Durrants Hotel


So many luxury renovation projects have done their worst to some of the most historic London hotels in recent years, stripping and remodelling them to suit passing trends, it’s become increasingly difficult to find accommodation where the original interiors and character have been preserved rather than exchanged for bland design that give guests the sense that they could be practically anywhere.

If you appreciate a unique atmosphere and an abode that harks back to a London of days gone by, you’re unlikely to find a more wholehearted example than Durrants Hotel in Marylebone, with its wood-pannelled George Bar with leather tub chairs and coal fire, the Grill Room restaurant with a silver carving trolley, cosy lounge areas such as the elegant Wallace Room with board games where we relaxed over afternoon tea on arrival, and private conference and dining rooms you could easily imagine ministers and military commanders of WWII discussing urgent matters after a good lunch of classic British dishes that are still a fixture on today’s menu – game terrine, shepherds pie and sticky toffee pudding to name but a few popular choices, nor forgetting the sublime cheeses supplied by Marylebone’s acclaimed La Fromagerie. Breakfast is also served in the Grill Room and with thankfully not a buffet in sight, welcomes guests until 11.30am. Now that’s what I call luxury. The addition of trendy options such as avocado and poached eggs and cold pressed strawberry and banana juice wasn’t something I was expecting. If I see chia seeds on the menu anytime soon, I might just choke on my cornflakes.

Four adjoining Georgian townhouses, now Grade-II listed, were converted into one and opened as a coaching inn back in 1790, bearing the name of the owner, Mr Durrant. The hotel has been run by the Miller family since 1921 and is one of the last privately owned hotels in London. Even to reach our bedroom took some navigating via a network of corridors, ascending to the second floor in a small lift which barely left breathing space after myself, my husband, the porter and our luggage had crammed inside. The pleasant young porter availed himself of our light suit carrier while my husband was left shouldering the heaviest bag and dragging along my overnight suitcase. Despite my muttering in protestation, the porter appeared to be temporarily struck deaf and my husband and I exchanged bemused smiles as he proceeded to usher us to our room.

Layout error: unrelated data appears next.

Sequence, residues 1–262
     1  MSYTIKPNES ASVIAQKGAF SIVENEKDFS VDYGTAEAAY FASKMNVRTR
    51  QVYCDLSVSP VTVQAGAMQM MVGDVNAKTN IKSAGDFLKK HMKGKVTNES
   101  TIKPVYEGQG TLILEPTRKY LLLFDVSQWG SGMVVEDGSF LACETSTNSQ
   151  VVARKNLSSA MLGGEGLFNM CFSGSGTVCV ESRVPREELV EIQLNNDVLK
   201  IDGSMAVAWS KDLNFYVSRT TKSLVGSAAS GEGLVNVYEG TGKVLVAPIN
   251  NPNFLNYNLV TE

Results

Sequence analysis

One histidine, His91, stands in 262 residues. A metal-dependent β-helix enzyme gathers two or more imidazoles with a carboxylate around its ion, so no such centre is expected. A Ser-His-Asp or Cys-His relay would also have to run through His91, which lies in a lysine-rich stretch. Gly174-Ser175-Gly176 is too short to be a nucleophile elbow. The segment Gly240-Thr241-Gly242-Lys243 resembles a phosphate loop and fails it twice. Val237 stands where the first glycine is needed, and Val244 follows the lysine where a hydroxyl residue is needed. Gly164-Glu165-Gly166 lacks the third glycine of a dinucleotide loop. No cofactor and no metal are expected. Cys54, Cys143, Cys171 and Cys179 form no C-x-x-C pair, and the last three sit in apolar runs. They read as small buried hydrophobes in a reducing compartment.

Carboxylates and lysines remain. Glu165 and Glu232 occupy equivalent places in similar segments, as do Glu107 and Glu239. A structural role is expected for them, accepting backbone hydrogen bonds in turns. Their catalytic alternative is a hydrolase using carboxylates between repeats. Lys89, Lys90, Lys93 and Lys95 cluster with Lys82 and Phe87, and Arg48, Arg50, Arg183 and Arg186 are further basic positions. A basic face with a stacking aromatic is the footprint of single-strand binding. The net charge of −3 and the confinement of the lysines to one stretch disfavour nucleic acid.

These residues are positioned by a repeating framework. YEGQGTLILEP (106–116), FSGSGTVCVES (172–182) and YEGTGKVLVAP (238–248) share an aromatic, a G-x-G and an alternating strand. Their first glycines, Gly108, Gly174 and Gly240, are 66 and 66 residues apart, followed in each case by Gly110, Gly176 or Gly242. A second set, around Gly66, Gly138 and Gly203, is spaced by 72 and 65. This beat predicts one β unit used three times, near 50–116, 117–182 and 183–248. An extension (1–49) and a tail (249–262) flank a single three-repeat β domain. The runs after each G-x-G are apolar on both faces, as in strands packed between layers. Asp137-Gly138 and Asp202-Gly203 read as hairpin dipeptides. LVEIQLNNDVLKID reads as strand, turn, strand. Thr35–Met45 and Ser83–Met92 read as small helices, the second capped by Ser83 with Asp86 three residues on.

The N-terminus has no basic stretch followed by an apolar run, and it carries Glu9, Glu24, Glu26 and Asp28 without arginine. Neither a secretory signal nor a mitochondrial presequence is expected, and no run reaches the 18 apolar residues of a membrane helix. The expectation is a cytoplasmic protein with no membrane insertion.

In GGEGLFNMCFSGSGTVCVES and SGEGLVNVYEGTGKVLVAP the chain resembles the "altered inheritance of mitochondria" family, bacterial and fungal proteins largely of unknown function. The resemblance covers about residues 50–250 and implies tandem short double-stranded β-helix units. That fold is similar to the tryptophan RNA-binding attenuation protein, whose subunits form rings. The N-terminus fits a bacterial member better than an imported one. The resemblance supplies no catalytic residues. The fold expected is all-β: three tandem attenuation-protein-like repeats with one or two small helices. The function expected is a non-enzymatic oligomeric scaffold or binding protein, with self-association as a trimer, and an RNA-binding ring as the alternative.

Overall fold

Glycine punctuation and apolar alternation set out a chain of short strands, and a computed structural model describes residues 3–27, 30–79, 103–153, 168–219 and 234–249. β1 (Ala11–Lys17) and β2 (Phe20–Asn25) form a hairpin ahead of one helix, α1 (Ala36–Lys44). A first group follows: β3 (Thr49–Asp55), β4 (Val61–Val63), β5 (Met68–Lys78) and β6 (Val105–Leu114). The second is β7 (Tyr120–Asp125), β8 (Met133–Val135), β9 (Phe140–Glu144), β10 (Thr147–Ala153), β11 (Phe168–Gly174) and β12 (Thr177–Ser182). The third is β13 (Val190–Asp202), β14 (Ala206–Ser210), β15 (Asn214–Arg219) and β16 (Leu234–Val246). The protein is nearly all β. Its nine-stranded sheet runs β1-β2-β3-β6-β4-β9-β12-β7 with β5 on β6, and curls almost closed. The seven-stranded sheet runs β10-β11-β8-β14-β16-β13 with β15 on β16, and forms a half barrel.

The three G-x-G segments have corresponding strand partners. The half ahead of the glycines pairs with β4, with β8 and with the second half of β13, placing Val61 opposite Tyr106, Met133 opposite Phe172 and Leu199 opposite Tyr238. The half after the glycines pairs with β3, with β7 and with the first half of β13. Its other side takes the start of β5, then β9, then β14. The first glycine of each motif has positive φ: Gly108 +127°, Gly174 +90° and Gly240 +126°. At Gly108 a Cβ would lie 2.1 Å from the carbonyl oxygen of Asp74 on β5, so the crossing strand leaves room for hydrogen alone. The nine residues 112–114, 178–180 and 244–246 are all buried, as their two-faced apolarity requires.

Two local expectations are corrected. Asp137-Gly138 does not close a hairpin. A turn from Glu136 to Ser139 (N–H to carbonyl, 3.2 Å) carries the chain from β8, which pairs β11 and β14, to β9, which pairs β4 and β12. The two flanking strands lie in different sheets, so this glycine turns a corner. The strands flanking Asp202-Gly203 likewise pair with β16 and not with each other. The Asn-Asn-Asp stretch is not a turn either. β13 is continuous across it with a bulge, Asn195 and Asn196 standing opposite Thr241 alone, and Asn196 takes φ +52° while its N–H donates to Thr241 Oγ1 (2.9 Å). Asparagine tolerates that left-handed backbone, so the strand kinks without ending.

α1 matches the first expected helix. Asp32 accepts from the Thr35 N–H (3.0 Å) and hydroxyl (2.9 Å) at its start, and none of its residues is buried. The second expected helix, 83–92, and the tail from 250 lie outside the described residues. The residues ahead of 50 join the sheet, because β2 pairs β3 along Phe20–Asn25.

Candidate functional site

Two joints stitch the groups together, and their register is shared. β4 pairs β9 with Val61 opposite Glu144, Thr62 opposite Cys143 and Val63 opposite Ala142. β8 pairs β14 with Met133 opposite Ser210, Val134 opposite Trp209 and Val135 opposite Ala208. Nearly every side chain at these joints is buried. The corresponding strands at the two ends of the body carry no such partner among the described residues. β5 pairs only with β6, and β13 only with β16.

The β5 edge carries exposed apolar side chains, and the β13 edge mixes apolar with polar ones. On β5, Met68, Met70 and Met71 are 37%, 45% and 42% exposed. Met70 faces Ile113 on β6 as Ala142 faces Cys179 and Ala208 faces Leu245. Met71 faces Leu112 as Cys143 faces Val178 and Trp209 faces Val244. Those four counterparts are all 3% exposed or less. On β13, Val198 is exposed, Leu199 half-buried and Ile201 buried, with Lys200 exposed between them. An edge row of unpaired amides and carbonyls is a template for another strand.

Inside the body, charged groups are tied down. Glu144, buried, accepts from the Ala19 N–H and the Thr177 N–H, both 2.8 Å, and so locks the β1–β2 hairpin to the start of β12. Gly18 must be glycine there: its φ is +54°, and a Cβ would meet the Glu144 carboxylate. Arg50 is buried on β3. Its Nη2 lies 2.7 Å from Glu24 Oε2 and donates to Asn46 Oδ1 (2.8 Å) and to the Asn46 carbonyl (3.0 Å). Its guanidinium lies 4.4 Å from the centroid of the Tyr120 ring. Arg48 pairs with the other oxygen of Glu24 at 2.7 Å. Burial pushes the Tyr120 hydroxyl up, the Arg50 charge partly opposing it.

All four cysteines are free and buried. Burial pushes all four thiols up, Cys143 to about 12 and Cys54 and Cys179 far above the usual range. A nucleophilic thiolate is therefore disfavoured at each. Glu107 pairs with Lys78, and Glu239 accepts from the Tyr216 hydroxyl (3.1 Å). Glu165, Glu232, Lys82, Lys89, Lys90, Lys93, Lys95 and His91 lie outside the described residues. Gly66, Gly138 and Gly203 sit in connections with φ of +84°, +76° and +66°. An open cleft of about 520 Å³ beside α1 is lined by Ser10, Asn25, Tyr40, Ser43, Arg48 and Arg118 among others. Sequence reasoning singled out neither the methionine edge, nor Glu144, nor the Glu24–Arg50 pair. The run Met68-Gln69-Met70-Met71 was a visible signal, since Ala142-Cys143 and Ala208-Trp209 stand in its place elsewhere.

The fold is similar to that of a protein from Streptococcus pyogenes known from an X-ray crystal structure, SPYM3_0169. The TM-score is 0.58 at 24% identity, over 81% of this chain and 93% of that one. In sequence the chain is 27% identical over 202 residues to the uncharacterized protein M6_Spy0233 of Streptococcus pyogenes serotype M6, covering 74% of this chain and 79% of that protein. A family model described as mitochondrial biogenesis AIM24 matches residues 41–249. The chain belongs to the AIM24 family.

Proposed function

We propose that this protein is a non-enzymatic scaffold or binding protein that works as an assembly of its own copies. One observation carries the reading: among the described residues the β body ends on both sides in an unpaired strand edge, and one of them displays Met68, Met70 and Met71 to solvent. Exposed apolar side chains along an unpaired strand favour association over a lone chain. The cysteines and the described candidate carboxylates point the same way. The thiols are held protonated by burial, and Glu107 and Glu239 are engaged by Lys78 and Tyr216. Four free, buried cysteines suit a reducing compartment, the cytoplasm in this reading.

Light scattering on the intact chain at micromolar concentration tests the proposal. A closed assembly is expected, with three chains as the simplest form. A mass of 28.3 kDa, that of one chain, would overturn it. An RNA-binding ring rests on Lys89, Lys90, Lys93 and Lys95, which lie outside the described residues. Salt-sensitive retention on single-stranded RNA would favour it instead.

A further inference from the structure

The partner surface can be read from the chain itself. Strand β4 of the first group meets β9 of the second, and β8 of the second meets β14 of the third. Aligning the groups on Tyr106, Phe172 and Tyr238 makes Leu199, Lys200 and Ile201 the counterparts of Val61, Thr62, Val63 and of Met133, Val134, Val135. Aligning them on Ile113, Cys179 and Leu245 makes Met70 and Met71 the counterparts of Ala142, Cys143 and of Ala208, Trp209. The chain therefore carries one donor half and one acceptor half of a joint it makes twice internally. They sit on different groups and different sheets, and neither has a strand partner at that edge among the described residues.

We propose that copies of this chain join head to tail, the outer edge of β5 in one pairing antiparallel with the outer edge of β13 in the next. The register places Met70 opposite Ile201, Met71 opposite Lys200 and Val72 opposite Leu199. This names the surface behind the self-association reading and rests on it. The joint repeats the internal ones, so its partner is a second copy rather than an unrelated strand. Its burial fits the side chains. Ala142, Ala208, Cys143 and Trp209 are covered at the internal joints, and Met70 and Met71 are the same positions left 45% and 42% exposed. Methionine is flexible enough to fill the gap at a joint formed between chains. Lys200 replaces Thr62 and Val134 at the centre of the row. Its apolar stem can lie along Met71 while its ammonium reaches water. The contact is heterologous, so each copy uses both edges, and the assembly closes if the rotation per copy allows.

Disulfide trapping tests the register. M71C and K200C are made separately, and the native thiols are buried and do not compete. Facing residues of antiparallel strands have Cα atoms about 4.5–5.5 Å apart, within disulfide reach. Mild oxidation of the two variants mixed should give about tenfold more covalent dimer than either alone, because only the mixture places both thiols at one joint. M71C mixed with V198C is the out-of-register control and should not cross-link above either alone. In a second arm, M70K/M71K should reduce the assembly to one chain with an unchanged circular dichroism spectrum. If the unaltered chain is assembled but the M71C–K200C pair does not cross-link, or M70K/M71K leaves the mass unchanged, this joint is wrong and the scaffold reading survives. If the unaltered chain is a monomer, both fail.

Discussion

Although the hotel feels small and boutique, there are in fact 92 rooms burrowed away, ours an unexpectedly fresh double with a well appointed white bathroom stocked with L’Occitane toiletries, the hotel having undertaken an extensive, yet sympathetic room renovation in the early 2000s. Many offer air-conditioning with wifi available throughout, luxuries that are often taken for granted. The room keys meanwhile, with their heavy brass fobs, were unapologetically nostalgic, none of this key-card green light business here, ensuring that you interact with the concierge whenever you need to drop off or collect your key from the well varnished rack with brass hooks. An all-too-rare hotel custom which offers a feeling of welcome whenever you return. Durrants, with its antiques, grandfather clocks and oil paintings could easily be a gentleman’s club, the portrait of Mr Durrant continuing to inspire the hotel’s retainers to uphold the practices he established when George III was on the throne.

For all its old-school charm, Durrants is a four star hotel in a distinctly five star location, just a hop from The Wallace Collection, Selfridges and Bond Street. Offering guests excellent value, you sometimes have to turn a blind eye to a few lapses in service or quirks and foibles that perhaps add a certain je ne sais quoi. It’s the kind of place Bill Bryson would be able to devote an entire chapter to. For myself, I like to have an Agatha Christie novel at the ready, either Poirot or Miss Marple purchased from nearby Daunt Books on Marylebone High Street, for with Durrants as a backdrop who needs an imagination? In a city of anonymity, there is nothing anonymous about Durrants. It’s comfortable rather than luxurious and reassuringly familiar with genuine rather than sycophantic staff who pride themselves on building a rapport with their loyal following. Some guests wouldn’t think of staying anywhere else in London and I can understand why.

Durrants Hotel,  32 George St, Marylebone, London W1H 5BJ. For more information and reservations please visit the website.